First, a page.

During consultation appointments, our representatives often get asked the question, “Where are your windows manufactured?” In most cases, it is a well-founded worry on the part of the homeowner for the well-being of our economy. We all want to buy local, support local businesses and create jobs in our communities. Yet in some cases this question arises from misinformation. While this blog is not about Ecoline Windows, it is well suited to use this company to answer this question.
Seeing as you are reading this post on the Ecoline Windows website, it is safe to assume that you know a little bit about the company. You know that it is one of the window companies in Winnipeg, that it replaces windows in Calgary as well as windows in Edmonton. What you may or may not know, is that the windows being installed in these three northern cities are manufactured in Ontario. On numerous occasions, we have been told by misinformed homeowners that because of this, Ecoline Windows product is less suitable for the local climate. To set the record straight for all proud Canadian window manufacturers with 100% Canadian windows and doors, we would like to identify the two things that make a window or door acceptable for a specific climate.
The first factor that makes Canadian windows suitable for installation in different provinces and in various climate zones is CSA Certification. CSA, also known as the Canadian Standards Association, is a standards development organization and certification body. CSA certification shows that a product was independently tested to meet safety and performance standards. Amongst these, performance standards is the ability of a window to function properly in different climatic zones. Opening mechanisms, locking mechanisms, and the material itself are all put under rigorous testing to ensure that when the temperature falls well below zero the units will maintain their integrity and functionality.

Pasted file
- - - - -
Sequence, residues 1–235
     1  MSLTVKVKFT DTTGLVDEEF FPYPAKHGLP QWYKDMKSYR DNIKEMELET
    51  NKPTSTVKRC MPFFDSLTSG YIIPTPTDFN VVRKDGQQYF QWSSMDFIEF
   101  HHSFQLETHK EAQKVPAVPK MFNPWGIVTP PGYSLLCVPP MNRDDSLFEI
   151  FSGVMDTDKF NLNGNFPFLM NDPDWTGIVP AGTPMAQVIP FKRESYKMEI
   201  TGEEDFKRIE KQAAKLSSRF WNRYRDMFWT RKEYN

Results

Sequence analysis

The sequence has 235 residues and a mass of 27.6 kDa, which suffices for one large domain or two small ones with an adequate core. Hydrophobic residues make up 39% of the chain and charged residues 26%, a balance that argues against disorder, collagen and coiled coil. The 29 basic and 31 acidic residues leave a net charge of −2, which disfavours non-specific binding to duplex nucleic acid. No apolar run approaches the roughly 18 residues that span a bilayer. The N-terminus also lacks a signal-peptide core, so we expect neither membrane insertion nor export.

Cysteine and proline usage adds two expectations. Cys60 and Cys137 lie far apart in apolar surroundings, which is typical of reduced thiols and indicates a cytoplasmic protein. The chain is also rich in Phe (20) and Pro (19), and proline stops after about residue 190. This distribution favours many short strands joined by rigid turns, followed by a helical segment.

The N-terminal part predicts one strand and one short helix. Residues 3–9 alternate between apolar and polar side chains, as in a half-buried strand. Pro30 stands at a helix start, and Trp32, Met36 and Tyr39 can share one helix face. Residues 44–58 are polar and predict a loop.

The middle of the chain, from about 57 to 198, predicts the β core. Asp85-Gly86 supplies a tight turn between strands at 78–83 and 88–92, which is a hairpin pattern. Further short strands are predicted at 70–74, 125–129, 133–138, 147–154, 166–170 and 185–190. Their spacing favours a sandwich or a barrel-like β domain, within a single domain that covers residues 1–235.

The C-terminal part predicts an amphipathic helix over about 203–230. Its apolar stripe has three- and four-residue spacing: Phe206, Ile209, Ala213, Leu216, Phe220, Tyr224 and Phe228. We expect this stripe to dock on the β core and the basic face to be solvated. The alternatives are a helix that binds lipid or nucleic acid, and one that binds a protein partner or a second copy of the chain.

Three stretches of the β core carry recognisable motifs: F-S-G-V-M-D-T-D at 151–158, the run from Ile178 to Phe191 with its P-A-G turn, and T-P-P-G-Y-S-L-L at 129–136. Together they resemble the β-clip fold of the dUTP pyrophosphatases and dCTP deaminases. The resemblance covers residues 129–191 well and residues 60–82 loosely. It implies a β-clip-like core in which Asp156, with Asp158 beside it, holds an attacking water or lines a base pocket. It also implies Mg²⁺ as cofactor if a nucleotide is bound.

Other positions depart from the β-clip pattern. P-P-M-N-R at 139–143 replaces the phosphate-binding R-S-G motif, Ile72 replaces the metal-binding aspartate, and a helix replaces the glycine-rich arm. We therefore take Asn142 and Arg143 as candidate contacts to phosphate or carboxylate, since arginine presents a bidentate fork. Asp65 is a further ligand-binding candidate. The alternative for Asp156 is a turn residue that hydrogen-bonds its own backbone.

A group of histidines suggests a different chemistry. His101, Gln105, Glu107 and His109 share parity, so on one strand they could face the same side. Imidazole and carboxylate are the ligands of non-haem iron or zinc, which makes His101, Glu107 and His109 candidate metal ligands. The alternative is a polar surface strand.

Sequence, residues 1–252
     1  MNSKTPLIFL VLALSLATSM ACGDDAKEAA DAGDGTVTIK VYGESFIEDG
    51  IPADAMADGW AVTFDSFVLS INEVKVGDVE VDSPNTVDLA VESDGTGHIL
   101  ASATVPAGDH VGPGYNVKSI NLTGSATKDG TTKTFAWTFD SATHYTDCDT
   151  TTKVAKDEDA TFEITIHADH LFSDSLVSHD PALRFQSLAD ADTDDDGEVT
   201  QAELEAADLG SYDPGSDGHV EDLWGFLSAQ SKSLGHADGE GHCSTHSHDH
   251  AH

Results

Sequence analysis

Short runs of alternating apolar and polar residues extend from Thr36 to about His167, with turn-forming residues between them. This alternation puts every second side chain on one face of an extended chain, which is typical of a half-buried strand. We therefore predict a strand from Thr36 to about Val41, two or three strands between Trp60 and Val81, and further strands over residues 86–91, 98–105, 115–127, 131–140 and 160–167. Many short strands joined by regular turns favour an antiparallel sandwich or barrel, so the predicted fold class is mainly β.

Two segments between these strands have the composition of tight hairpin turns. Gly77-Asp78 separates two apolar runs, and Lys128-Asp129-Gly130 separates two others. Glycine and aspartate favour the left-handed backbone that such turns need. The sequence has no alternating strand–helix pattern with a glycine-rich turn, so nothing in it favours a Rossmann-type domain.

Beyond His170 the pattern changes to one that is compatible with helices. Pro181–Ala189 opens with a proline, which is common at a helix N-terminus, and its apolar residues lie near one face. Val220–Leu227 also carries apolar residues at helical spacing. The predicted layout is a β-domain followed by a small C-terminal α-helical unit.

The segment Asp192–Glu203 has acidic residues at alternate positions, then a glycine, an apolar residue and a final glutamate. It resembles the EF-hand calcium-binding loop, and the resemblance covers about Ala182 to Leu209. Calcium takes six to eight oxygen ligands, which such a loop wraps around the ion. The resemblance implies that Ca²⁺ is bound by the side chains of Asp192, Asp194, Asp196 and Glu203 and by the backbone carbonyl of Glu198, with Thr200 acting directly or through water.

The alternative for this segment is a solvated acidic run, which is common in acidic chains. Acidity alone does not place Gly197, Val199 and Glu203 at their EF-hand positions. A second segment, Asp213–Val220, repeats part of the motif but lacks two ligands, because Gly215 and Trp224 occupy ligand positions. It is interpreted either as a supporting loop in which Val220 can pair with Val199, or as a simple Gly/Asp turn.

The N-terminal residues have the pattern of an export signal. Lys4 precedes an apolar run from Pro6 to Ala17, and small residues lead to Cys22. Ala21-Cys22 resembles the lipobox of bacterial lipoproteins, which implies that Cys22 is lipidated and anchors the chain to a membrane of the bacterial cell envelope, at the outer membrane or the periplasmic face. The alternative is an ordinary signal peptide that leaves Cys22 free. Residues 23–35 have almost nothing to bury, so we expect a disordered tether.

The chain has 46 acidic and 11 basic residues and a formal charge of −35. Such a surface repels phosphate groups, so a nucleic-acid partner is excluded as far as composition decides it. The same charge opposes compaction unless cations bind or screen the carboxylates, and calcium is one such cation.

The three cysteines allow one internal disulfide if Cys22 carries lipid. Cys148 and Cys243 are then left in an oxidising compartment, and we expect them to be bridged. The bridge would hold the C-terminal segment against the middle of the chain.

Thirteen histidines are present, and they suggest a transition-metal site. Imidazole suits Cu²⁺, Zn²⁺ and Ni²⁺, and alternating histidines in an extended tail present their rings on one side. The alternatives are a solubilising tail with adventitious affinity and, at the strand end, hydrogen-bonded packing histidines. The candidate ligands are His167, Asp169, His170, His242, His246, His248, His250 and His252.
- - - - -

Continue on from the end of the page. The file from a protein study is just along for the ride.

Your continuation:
Attention: There is a difference between window suppliers being CSA certified and CSA compatible. If it is certified that means that CSA representatives have put the product to the test and have given it their stamp of approval. Compatibility means that the product meets the same specifications as other CSA certified windows but has not undergone CSA scrutiny.
The second aspect that qualifies a window as suitable for a certain climate is Energy Star certification. Energy Star is an independent agency dedicated to testing various home products for energy efficiency. Windows and doors qualify based on either U-value – which is used to express insulation rate or energy rating. In addition to insulation properties, Energy Star windows are also tested for air tightness. Together, these two qualities qualify a window and door for the different Canadian climate zones. If a window or door meets A, B, and C zones, that means that it is appropriate for most of Canada.
As you can see, there is nothing about manufacturing a product locally that makes it more appropriate for that area than one that was manufactured in a neighbouring province. While it is important to do your best to support local industry, the overwhelming concern for every homeowner should be keeping their home warm and airtight year around. Windows should be compared to other similar windows to ensure that the best product is selected. In this regard, a windows manufacturer should be judged based on the quality of their product, rather than the location of their factory.
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